The best problem an album can have is having too many highlights to list. “Bottom of Things” has some hard-hitting and relatable lyricism (“Eye contact—I practice everything. Except sleeping, I don’t do that much these days.”) packaged into a big, infectious chorus. It also features a somber, emotional bridge that builds to rapturous howls. “Bodies” is another excellent track, more aggressive than “Bottom of Things,” suitably propelled with the galloping strum of distorted power chords. The opening lyrics are almost a thesis statement: “These human bodies, such beautiful acts of betrayal.” It’s interesting and inherently relatable, a eulogy for our mortal vessels, doomed to flat tires and oil leaks—destined for a ditch. The chorus, for me, captures the inevitable, and how we humans fight to sublimate death into something we can idolize, the reclamation of suffering through art:
It’s not the tightest ship,
In fact there are holes,
You said, “you’re bleeding from the lip,”
I said, “it’s spilling from my soul.”
Attaching meaning to hurt is nothing new, but it succeeds holistically, in cabal with the melody and insistent rhythm, transcending metaphor to be screamed as a rallying cry.
In parallel to the album’s themes of nostalgia and memory, I can’t help but think about the records that shaped my taste and therefore my life. Do you know I remember where I was the first time I heard Repeater? Same for Fuel for the Hate Game, Searching for a Former Clarity, and The Empire Strikes First. All of those records are tied to sights and sounds, old futon beds and my first record player; my first laptop and my senior year of high school. These gave me the start I needed to digging up my insides. To pull a quote from “Fall:”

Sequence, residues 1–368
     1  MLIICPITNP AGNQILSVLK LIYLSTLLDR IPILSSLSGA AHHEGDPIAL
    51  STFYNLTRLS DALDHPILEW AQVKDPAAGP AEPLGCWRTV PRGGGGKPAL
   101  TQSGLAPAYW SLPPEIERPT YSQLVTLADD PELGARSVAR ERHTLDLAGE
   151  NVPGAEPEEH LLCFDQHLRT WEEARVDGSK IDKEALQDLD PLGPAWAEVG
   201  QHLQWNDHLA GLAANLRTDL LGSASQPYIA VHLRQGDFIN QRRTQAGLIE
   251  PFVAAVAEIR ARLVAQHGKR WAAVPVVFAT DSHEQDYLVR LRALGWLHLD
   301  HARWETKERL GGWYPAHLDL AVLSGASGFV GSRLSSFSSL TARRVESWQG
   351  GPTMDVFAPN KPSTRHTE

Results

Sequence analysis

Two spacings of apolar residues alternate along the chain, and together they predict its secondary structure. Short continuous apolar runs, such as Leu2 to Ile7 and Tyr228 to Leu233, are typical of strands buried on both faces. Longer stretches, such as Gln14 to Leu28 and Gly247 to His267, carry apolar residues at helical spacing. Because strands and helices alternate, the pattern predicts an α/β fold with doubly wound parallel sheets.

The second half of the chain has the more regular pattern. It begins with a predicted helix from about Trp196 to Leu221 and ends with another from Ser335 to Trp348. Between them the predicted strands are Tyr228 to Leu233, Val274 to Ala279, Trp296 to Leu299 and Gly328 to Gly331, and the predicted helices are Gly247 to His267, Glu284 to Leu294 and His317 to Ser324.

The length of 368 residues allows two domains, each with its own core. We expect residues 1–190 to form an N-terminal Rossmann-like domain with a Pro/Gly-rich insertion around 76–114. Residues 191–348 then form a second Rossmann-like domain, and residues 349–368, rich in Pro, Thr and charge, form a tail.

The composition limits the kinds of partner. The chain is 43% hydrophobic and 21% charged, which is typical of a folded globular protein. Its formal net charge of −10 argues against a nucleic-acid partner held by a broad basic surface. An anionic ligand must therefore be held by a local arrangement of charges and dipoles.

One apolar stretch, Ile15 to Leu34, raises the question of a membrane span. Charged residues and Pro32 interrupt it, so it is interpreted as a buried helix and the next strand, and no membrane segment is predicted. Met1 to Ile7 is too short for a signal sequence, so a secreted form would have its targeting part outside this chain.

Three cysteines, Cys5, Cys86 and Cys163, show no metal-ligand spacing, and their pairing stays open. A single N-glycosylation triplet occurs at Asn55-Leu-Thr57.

I fear we’re all just fated to these capsules of time
Like memories of pure bliss beneath these sky-tall pines
And either that’s all that’s left, or even those leave our minds
And then we all fall down,
And then we all fall
The Creeps paint a picture of a race against time—the same one we’re all running. I’ve been known to call art made for everyone to be art made for no one. These are books, movies, and songs that aspire to a sort of bland universality, that couch their stories and melodies in the most brash representatives of the human experience. They cover heartbreak, love, and worry with those exact words, like Mad Libs of the human condition. The Creeps dig deeper though, and in exploring themselves they end up with examinations of greater humanity—the failings of our body, the social contract, depression, and addiction. They do this through specificity, by joining a great tradition of punk rockers working through some shit. It’s a healthy reminder that even though we don’t have the same “sky-tall pines,” we do all have them—and they’re worth holding onto.